Senate

Senate sets new voting record with Iran war measure

The Senate set a new record for the longest vote in modern history Friday as the chamber votes on restricting President Trump’s ability to take military action against Iran without congressional approval. 
 
The Senate is normally out of town on Friday, but stuck around to give 2020 Democratic candidates a chance to vote on the amendment, from Sens. Tim Kaine (D-Va.) and Tom Udall (D-N.M.), that would block Trump from using funding to take military action against Iran without congressional approval. 
 
The vote clocked in at 10 hours when it wrapped up just after 3 p.m.
 
{mosads}In an effort to balance the 2020 demands and senators who had already planned trips, the Senate came into session at 5 a.m., several hours earlier than a normal week day. 
 
Several senators voted within minutes of the vote opening, including Sens. Dick Durbin (D-Ill.), Martha McSally (R-Ariz.), Dan Sullivan (R-Alaska) and Jon Tester (D-Mont.). 
 
Other senators trickled in throughout the morning. Sen. Lamar Alexander (R-Tenn.) jokingly asked Sen. Mike Lee (R-Utah) as they ran into each other in Capitol hallways, “Mike, did you sleep here?” 
 
Sens. Patty Murray (D-Wash.) and Ron Wyden (D-Ore.) were overheard talking about their flight times as they exited the Capitol. 
 
And Sen. David Perdue (R-Ga.), spotting reporters as he entered the Capitol, quipped, “You’ve got to be kidding me? Six a.m., really?” 
 
The previous record for the longest vote in modern history was in December, when senators kept a vote open for more than five hours as they made a failed attempt to avoid a partial government shutdown.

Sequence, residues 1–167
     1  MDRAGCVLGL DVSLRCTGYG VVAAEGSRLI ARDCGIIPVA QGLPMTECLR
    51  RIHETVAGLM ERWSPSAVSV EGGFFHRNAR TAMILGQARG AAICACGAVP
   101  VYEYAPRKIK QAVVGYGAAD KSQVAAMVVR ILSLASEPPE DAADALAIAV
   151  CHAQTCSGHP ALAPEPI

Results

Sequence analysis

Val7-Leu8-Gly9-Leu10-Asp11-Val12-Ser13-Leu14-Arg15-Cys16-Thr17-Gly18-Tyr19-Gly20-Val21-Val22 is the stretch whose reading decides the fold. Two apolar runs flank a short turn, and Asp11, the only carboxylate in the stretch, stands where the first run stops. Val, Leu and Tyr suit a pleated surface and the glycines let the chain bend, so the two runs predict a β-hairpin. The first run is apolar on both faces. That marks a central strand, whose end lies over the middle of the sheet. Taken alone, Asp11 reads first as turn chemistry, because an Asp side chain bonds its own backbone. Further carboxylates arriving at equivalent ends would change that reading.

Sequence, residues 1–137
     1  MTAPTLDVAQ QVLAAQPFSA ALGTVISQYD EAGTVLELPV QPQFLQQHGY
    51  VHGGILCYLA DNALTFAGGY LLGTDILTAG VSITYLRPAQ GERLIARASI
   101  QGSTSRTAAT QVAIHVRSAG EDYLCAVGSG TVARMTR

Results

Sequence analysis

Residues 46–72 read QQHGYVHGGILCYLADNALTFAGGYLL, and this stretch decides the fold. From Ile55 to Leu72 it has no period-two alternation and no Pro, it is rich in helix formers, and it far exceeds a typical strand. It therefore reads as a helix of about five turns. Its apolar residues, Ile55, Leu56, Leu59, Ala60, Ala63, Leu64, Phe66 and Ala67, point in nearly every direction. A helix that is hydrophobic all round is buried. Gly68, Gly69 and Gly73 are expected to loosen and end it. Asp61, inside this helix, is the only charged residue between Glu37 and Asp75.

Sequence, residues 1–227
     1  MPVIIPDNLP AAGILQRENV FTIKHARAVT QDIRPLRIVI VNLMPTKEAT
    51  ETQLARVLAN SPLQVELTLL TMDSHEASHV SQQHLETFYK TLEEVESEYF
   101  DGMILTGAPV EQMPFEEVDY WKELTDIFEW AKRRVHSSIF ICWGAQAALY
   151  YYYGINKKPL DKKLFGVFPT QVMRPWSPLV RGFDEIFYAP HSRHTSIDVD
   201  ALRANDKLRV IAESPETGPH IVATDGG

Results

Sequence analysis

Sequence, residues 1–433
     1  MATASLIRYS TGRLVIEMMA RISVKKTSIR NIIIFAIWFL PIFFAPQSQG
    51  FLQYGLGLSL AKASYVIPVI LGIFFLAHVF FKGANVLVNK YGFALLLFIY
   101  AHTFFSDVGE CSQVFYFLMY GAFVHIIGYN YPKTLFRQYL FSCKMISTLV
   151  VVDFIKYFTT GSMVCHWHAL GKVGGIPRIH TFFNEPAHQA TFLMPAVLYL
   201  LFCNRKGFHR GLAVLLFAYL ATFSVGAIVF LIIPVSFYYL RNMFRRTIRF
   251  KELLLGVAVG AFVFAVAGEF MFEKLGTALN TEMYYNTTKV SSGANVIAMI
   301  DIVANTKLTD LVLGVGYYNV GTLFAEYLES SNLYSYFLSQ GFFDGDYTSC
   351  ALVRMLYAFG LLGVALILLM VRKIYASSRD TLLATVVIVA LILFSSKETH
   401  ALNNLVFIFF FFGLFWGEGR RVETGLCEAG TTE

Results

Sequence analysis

Friday’s early voting, and long hours, wasn’t without unusual moments. 
 
At odds with the generally buttoned up Senate decorum, Sen. Joe Manchin (D-W.Va.) headed toward the chamber around 5:30 a.m. in jeans and a green polo shirt. Sen. Lindsey Graham (R-S.C.) was spotted voting from the cloakroom in shorts and a T-shirt. 
 
Sen. Josh Hawley (R-Mo.) tried to inject some humor into the proceedings five hours into the Senate session by asking a largely empty chamber if “any senator wanted to vote or change their vote.” 
 
After roughly six hours of Republicans presiding over the GOP-controlled chamber, they took an unusual step of letting Democrats preside, with Senate Minority Leader Charles Schumer (D-N.Y.) taking over.  
 
By the time the Senate left for the day, Democratic Sens. Kaine, Udall and Jack Reed (D-R.I.) had also presided over the chamber.
 
There was talk amongst senators that there wouldn’t be enough Republican senators in Washington with the start of the Fourth of July recess for them to preside over the Senate for an hours-long last-minute session. 
 
Normally when the Senate is in session one Republican senator presides over the chamber, with the responsibility rotating amongst lawmakers throughout the day. 
 

Tester told reporters on Thursday that Democrats were being lined up to help preside over the chamber, adding, “I never saw it happen when we were in the majority.”  

Tags Charles Schumer Dan Sullivan Dick Durbin Donald Trump Government shutdown Jack Reed Joe Manchin Jon Tester Josh Hawley Lamar Alexander Lindsey Graham Martha McSally Mike Lee Patty Murray Ron Wyden Tim Kaine Tom Udall

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